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Interesting Arguments

Clayton Cramer talks about an article he wrote recently about decriminalization of marijuana. I would put myself firmly in Clayton’s first category, namely that I think the social costs of prohibition are higher than an increased incidence of schizophrenia, though the social cost of that is certainly nothing to dismiss. I’d have no problem funneling money we save on the war on drugs toward taking care of the mental illness that result from substance abuse. But I find Clayton’s fourth point interesting:

People arguing that marijuana laws don’t have any influence on behavior–no matter what the laws are, the same number of people will smoke pot. Yet, at the same time, they acknowledge that having it illegal drives up prices, attracting the violent criminals into the trade. Somehow, rising prices don’t affect demand or consumption.

Let me change that around a bit:

People arguing that gun laws don’t have any influence on behavior–no matter what the laws are, the same number of criminals will get guns. Yet, at the same time, they acknowledge that having guns illegal drives up prices, attracting the violent criminals into the trade. Somehow, rising prices don’t affect demand or consumption.

But I suspect that Clayton believes as I do, that the issue is a bit different. I don’t dispute that prohibition would drive the price of guns up, and the number of criminals able to afford guns down. But if I can’t have a gun either, it’s little comfort to me that the guy who robs me on the street threatens to shiv me instead of shoot me, or the guy breaking in my house threatens to beat me with a crowbar instead. Also, much like with Clayton’s argument about alcohol, we’re already an armed society. That genie left the bottle a long time ago. Of course, I also think, with respect to marijuana, that is probably also the case. It’s hard to prohibit something that you can grow in a closet with the right equipment, and if you think about what you have to do to stop something of that, it involves a police state. That’s why I’ll continue to be a proponent of decriminalization. Mental illness we can treat, a police state is a much harder nut to crack.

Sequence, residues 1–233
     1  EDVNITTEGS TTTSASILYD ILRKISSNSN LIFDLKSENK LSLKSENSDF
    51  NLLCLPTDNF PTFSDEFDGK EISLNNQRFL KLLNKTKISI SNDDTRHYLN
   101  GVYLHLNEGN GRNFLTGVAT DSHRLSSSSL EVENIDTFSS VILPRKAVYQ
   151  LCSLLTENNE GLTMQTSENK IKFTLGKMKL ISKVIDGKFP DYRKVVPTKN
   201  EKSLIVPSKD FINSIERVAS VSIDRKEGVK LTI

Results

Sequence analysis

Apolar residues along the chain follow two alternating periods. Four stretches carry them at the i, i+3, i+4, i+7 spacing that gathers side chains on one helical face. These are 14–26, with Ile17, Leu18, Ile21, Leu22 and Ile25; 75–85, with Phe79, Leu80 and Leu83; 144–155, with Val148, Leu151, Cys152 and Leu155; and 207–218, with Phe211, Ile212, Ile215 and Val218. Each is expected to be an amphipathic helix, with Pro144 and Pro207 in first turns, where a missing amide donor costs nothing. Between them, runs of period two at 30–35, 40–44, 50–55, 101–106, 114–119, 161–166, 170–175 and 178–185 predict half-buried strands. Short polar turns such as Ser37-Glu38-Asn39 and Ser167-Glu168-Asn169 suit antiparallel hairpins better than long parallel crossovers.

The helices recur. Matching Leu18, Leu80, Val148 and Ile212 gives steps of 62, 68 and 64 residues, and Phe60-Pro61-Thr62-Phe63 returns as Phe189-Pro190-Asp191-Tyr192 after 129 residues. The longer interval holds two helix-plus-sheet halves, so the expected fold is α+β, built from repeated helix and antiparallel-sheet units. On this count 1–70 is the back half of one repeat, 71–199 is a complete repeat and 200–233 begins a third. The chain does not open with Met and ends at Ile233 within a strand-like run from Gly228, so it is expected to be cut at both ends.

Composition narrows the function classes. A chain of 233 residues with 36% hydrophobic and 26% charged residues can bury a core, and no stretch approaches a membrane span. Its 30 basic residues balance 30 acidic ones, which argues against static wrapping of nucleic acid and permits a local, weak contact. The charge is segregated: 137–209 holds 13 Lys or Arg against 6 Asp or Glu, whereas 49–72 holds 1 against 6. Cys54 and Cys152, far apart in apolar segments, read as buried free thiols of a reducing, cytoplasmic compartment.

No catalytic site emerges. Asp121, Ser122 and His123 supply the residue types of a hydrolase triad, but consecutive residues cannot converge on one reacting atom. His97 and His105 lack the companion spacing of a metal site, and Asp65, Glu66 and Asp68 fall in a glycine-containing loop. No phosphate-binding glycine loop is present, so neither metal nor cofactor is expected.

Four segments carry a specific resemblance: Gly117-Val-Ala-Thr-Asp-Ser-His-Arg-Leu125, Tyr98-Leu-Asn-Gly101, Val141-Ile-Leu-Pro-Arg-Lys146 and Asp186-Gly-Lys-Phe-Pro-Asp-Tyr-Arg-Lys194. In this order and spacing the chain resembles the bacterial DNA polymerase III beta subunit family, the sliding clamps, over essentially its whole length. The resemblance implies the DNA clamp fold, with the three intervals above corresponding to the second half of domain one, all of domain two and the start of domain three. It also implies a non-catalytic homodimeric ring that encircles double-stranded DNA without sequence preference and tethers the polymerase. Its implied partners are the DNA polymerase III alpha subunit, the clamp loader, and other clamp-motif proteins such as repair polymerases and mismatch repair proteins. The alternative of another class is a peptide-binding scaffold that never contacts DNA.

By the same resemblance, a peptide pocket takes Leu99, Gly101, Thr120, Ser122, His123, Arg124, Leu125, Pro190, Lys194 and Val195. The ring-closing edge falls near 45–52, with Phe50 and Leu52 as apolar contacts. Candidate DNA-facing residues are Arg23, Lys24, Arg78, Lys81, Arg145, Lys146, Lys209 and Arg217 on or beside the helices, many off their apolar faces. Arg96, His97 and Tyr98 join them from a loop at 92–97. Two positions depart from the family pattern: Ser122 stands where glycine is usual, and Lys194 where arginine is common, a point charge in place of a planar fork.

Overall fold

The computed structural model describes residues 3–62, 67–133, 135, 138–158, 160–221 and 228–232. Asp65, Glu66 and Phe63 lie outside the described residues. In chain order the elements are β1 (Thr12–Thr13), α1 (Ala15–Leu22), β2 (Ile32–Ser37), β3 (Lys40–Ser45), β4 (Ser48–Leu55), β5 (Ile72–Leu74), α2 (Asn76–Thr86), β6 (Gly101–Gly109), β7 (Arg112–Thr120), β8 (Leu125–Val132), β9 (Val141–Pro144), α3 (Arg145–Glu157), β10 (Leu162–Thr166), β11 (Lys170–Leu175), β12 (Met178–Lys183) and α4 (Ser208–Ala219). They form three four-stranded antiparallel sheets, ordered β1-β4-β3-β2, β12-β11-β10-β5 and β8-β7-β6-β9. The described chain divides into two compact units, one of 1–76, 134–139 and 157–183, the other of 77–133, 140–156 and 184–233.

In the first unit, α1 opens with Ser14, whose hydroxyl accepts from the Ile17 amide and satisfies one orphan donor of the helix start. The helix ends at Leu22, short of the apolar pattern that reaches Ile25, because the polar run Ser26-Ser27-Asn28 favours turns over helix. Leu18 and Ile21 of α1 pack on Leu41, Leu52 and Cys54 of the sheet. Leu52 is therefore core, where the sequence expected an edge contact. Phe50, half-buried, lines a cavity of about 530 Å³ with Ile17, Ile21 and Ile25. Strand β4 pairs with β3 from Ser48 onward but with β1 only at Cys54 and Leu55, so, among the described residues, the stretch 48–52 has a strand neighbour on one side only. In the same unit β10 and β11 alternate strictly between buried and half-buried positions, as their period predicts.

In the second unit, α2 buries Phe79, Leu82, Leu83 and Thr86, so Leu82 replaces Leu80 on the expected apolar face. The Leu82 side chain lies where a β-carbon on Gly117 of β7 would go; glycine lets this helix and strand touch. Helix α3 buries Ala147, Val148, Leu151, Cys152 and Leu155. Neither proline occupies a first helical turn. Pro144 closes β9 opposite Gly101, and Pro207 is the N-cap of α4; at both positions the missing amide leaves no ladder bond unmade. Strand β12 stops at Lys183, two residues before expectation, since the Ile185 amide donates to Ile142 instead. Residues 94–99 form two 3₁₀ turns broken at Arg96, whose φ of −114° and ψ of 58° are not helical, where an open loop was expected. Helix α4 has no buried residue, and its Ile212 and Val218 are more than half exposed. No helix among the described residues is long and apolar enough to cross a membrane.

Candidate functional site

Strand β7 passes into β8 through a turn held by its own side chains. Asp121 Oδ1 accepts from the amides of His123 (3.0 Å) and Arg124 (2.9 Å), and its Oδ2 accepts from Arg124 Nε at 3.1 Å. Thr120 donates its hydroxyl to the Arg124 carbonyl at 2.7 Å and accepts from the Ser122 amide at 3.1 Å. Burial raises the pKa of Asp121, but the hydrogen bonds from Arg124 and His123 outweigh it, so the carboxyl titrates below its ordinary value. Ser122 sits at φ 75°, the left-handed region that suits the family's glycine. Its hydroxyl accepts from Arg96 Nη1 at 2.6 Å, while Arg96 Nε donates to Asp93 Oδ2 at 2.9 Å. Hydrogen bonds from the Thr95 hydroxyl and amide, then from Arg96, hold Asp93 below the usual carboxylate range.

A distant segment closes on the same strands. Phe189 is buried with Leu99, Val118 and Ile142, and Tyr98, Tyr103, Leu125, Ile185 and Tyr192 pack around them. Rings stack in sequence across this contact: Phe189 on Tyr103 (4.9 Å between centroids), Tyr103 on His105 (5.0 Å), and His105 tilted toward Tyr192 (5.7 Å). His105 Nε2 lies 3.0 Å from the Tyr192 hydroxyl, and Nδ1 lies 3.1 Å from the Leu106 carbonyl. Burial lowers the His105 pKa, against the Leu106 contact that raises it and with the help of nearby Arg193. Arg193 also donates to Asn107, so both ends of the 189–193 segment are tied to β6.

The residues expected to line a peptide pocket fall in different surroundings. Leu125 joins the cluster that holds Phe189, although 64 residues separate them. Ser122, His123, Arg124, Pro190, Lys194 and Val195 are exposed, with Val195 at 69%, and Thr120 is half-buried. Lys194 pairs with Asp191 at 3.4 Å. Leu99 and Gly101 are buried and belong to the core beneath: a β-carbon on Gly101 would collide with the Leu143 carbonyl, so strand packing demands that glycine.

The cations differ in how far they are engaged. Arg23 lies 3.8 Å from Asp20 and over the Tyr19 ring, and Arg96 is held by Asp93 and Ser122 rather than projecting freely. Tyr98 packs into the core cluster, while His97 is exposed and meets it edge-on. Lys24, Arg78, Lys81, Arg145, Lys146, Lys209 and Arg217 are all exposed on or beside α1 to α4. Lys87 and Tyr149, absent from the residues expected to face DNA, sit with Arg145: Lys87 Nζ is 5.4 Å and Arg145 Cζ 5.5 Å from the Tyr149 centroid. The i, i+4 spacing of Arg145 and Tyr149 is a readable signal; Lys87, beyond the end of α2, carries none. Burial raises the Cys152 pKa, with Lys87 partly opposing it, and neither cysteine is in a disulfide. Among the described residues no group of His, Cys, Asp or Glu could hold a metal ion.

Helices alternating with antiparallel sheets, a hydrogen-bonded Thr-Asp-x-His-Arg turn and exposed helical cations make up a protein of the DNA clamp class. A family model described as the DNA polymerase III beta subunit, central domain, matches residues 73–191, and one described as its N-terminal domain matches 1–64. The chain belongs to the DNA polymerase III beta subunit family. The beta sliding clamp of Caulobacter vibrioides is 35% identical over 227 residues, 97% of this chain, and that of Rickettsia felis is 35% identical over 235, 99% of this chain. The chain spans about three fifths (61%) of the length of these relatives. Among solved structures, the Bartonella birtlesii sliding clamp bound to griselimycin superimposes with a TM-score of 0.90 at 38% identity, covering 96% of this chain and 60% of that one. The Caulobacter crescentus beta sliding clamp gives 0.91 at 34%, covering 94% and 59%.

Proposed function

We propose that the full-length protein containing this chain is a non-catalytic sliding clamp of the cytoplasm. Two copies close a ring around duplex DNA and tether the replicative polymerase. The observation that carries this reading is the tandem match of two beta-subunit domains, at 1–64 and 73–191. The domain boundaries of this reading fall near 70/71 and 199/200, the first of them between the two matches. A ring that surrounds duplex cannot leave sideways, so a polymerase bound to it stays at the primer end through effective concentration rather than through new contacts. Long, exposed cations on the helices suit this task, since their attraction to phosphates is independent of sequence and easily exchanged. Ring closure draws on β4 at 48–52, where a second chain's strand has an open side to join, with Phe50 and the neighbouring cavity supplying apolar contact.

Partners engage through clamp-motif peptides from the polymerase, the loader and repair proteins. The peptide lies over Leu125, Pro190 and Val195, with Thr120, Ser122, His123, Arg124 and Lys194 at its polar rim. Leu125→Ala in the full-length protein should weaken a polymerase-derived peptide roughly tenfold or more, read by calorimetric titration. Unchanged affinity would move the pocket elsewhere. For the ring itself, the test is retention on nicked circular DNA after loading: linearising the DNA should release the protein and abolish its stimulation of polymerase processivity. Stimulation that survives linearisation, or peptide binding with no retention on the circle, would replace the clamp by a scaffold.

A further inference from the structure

9 Responses to “Interesting Arguments”

  1. My big issue with this analysis is that the additional costs of legalized marijuana are not just higher schizophrenia rates. Cannabis is swimming in all sorts of carcinogens so you’ll also see increasing rates of cancer and all sorts of other health problems.

  2. Jym says:

    Jeff the Baptist:

    So are you also in favor of banning tobacco and alcohol? Those also lead to other health problems.

  3. “So are you also in favor of banning tobacco and alcohol? Those also lead to other health problems.”

    No I’m in favor of regulating them. Likewise I’m in favor of regulating many drugs. I have generally found arguments for deregulation to be insufficiently thorough.

  4. Paul says:

    Fact is there has been no scientific or medical studylinking any chronic illness being caused by marijuana. Other drugs, the (hard) drugs all have ample evidence provided to demonstrate their dangers.
    That said it should be obvious by now, to any thinking person, that the effort to outlaw drugs has failed.
    The laws making these drugs illegal have turned a bad habit into big business. If we look logically at the continuing efforts to enforce these laws we will find many government abuses in seizure of private property before people are convicted of a crime and abuse of the RICO act.
    If anyone wants to put poison in their body, that is quite simply their problem.
    Passing laws to try to prevent this (for their own good) then causes problems for others. Unintended conquences, a thug now has a very expensive habit and can only make enough money by living a life of crime and victimizing the honest working class people as a result.
    We see the power and ruthless acts of the drug lords to establish and maintain their monopoly in distribution and sales of drugs. The chemicals and plants to create their product are just as cheap as growing potatos. No money, no drug wars, or drug lords. You may ask do I use drugs?
    The answer is no. Never have, and never will, but that is my choice. It all boils down to people trying to control others and require they live by the standards they set down for themself. I have my standards, others have theirs. As long as their standards don’t harm me I have no complaints.
    Paul in Texas

  5. Malco says: